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J Biol Chem. 2004 May 7;279(19):20283-95. Epub 2004 Mar 2.

Molecular determinants of vanilloid sensitivity in TRPV1.

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  • 1Department of Neuroscience, Amgen Inc., MS 29-2 B, One Amgen Center Drive, Thousand Oaks, CA 91320-1799, USA. ngavva@amgen.com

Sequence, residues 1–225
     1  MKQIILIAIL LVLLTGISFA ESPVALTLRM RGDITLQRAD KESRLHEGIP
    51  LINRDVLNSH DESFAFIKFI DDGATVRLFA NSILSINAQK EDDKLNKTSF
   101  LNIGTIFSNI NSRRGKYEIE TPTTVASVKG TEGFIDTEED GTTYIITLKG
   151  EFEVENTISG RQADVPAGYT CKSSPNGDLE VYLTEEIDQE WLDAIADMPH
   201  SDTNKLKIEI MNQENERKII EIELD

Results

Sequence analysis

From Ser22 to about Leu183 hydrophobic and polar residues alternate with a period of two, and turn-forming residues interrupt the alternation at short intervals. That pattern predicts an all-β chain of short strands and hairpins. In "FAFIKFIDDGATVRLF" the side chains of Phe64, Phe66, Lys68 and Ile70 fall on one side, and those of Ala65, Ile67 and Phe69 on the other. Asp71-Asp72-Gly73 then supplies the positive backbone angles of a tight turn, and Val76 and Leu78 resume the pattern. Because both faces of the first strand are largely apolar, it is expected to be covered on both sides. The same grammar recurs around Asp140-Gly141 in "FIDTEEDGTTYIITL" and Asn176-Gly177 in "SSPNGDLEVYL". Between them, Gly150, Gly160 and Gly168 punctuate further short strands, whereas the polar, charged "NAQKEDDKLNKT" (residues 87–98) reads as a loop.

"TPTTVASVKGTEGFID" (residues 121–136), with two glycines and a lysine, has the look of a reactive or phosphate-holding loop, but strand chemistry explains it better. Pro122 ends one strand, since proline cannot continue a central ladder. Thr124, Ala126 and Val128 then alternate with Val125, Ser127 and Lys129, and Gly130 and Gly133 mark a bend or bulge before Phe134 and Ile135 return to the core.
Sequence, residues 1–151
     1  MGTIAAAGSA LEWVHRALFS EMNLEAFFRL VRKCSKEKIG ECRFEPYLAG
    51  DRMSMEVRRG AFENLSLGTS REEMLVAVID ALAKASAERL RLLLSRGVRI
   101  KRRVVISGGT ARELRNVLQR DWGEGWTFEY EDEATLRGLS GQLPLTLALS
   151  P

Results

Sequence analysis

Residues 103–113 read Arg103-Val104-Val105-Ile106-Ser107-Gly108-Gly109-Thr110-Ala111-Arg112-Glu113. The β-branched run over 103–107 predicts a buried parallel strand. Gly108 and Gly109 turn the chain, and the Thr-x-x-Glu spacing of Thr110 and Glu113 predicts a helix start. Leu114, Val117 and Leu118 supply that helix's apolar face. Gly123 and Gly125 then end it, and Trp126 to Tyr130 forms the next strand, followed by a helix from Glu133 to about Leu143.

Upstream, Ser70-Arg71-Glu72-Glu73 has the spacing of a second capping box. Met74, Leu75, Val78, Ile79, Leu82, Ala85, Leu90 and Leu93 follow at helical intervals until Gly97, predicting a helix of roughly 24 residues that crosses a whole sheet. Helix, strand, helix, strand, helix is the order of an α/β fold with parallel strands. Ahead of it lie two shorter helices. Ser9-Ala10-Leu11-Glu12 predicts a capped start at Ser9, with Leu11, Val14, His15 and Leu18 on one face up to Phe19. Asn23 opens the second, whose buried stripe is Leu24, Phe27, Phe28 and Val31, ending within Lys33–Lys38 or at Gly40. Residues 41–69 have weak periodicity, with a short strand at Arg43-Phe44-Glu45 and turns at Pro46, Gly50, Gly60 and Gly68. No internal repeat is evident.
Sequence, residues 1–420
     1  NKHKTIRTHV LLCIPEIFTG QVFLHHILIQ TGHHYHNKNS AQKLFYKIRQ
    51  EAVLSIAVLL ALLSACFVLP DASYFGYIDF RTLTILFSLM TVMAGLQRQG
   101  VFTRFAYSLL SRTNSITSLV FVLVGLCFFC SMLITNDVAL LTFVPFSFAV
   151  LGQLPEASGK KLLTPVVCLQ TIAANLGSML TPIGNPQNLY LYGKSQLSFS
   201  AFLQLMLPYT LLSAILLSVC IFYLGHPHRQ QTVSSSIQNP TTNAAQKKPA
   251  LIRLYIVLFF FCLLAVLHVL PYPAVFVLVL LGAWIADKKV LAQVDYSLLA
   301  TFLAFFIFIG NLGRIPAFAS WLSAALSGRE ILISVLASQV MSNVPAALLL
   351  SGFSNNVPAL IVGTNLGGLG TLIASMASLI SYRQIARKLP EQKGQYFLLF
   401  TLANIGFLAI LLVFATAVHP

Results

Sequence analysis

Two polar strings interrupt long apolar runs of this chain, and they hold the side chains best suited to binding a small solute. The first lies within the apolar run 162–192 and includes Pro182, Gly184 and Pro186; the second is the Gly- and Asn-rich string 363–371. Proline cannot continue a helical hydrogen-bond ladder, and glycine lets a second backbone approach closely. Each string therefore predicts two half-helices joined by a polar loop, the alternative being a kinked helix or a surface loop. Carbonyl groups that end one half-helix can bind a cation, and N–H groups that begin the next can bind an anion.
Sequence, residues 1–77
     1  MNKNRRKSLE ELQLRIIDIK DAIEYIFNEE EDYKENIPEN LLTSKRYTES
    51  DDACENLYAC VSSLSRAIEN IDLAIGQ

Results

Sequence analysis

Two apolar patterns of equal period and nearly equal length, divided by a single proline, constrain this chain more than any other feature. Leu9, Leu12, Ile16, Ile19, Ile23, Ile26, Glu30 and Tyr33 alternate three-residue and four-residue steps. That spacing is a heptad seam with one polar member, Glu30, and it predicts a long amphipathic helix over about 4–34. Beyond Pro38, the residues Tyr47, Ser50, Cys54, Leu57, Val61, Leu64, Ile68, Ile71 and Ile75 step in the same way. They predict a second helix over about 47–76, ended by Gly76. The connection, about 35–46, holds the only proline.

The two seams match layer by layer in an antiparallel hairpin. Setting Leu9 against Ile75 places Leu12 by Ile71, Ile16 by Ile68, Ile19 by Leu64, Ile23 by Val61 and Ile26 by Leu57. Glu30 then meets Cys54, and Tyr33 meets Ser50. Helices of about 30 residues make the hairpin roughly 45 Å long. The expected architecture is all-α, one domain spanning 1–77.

Vanilloid receptor 1 (TRPV1), a membrane-associated cation channel, is activated by the pungent vanilloid from chili peppers, capsaicin, and the ultra potent vanilloid from Euphorbia resinifera, resiniferatoxin (RTX), as well as by physical stimuli (heat and protons) and proposed endogenous ligands (anandamide, N-arachidonyldopamine, N-oleoyldopamine, and products of lipoxygenase). Only limited information is available in TRPV1 on the residues that contribute to vanilloid activation. Interestingly, rabbits have been suggested to be insensitive to capsaicin and have been shown to lack detectable [(3)H]RTX binding in membranes prepared from their dorsal root ganglia. We have cloned rabbit TRPV1 (oTRPV1) and report that it exhibits high homology to rat and human TRPV1. Like its mammalian orthologs, oTRPV1 is selectively expressed in sensory neurons and is sensitive to protons and heat activation but is 100-fold less sensitive to vanilloid activation than either rat or human. Here we identify key residues (Met(547) and Thr(550)) in transmembrane regions 3 and 4 (TM3/4) of rat and human TRPV1 that confer vanilloid sensitivity, [(3)H]RTX binding and competitive antagonist binding to rabbit TRPV1. We also show that these residues differentially affect ligand recognition as well as the assays of functional response versus ligand binding. Furthermore, these residues account for the reported pharmacological differences of RTX, PPAHV (phorbol 12-phenyl-acetate 13-acetate 20-homovanillate) and capsazepine between human and rat TRPV1. Based on our data we propose a model of the TM3/4 region of TRPV1 bound to capsaicin or RTX that may aid in the development of potent TRPV1 antagonists with utility in the treatment of sensory disorders.

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